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  HOME | Latin America (Click here for more)

Latin America Looks to Create Best Conditions for Doing Business with China

PANAMA CITY – Latin America must create a good business climate to attract Chinese investment in multiple sectors including agribusiness, which could get a big boost from strategic associations between small companies in both regions.

That attitude characterized Latin American and Caribbean company owners and executives at the inauguration of the 13th China-LAC business summit this Monday in the Panama capital, with the participation of some 400 Chinese business people and around 600 from Latin America and the Caribbean.

During a panel discussion about the opportunities and challenges facing the trans-Pacific collaboration structured within China’s Belt and Road initiative, the entrepreneurs and officials on both sides agreed that among the challenges Latin America must deal with is its lack of competitivity, and came up with some clues on what to do about it.

“Latin America must create a good business climate,” said the executive vice president of China Construction America, Wu Taizhong.

He gave as an example the “very high” production costs, and that Latin America logistics costs are from 15 to 35 percent more than in other regions of the world.

He said that investment in infrastructure and logistics within the Belt and Road initiative “could lower production costs,” which are weighing heavily on Latin America’s competitivity.

Trade between Latin America and China continues to be “simple” due to the weakness in infrastructure, a sector with “a lot of room for improvement,” Wu added.

In that he coincided with the executive director of the China-LAC Industrial Cooperation Investment Fund, Han Hongmei, who spoke of “expanding the perspectives of investment” in Latin America, where it already finances projects in energy and infrastructure to the tune of $1 billion.

The fund, Han added, is disposed to finance projects in the agriculture and new technologies sectors, among others, while carefully studying “their economic and environmental sustainability in the medium and long term.”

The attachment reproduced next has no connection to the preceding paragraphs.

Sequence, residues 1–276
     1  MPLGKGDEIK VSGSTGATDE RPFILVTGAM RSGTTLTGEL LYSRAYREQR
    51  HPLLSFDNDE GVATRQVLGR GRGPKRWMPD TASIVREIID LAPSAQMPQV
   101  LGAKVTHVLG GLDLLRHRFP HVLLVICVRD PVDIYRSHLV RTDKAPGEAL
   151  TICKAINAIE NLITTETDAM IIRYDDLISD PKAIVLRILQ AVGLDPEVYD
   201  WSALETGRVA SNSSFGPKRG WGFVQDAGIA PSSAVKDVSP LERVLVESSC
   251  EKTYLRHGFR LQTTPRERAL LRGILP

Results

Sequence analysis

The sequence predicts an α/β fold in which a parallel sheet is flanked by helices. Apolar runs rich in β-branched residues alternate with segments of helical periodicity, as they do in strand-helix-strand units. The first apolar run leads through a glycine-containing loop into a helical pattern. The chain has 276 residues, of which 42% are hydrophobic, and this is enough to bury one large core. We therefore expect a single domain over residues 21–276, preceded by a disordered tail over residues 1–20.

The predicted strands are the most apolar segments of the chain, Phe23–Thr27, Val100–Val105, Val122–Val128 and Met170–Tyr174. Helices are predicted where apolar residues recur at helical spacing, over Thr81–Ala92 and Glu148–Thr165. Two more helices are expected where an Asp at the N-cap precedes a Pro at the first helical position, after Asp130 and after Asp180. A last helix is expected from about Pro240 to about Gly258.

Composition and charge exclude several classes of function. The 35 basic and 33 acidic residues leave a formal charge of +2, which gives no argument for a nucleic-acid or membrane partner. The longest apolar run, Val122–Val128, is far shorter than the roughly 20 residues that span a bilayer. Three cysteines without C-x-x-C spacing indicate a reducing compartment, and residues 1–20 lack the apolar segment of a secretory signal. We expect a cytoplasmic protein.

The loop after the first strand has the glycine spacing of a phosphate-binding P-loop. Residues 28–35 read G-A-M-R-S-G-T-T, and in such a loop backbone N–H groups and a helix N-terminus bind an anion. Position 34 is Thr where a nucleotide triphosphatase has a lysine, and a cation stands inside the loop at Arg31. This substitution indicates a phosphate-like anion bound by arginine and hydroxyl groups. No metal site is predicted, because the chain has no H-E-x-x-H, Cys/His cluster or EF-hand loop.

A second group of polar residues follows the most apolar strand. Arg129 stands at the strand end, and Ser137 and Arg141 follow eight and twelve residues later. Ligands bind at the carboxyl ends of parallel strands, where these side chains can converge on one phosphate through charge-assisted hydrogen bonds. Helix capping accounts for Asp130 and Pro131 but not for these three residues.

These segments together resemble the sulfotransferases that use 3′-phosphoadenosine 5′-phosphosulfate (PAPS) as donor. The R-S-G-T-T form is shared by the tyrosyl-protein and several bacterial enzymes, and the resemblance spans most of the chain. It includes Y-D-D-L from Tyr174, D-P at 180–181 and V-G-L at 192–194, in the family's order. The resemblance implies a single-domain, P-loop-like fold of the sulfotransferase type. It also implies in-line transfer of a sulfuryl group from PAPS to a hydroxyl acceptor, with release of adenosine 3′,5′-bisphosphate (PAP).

Costa Rica’s Deputy Foreign Minister Duayner Salas Chaverri acknowledged that “competitivity is the issue we must do something about” in Latin America, even in agricultural exports, which figures show is doing well as a geographical sector, but is concentrated in two countries, Brazil and Argentina, producers of between “70 and 80 percent of the business.”

For the president of Panama’s Vacamonte Logistics Park, Jorge Garcia Icaza, a way to promote investment and trade with China is through strategic associations between small and medium-sized companies on both sides of the Pacific.

“The model for doing business with China has to change to the degree that Chinese business people wish to invest (together with Latin Americans) in processing plants for meat, chicken, and plants for value-added products that they themselves might need. That will attract investment because it nails down a place for us on the Chinese market,” Garcia told EFE.

The businessman invited China to establish in Panama a center of higher learning that will transfer technology and grant agribusiness and engineering scholarships to Latin Americans.

The 13th China-LAC business conference continues until Wednesday, organized by the Panama Chamber of Commerce, Industry and Agriculture (CCIAP), the Trade and Industry Ministry (MICI), the Panama Tourism Authority, the Inter-American Development Bank (IDB), the International Chamber of Commerce of China, and the Chinese Council for the promotion of international trade.

With expectations of generating deals worth some $150 million, the summit will treat such matters as business and investment opportunities plus trade policies, the latter to be the work of MICI Minister Ramon Martinez.


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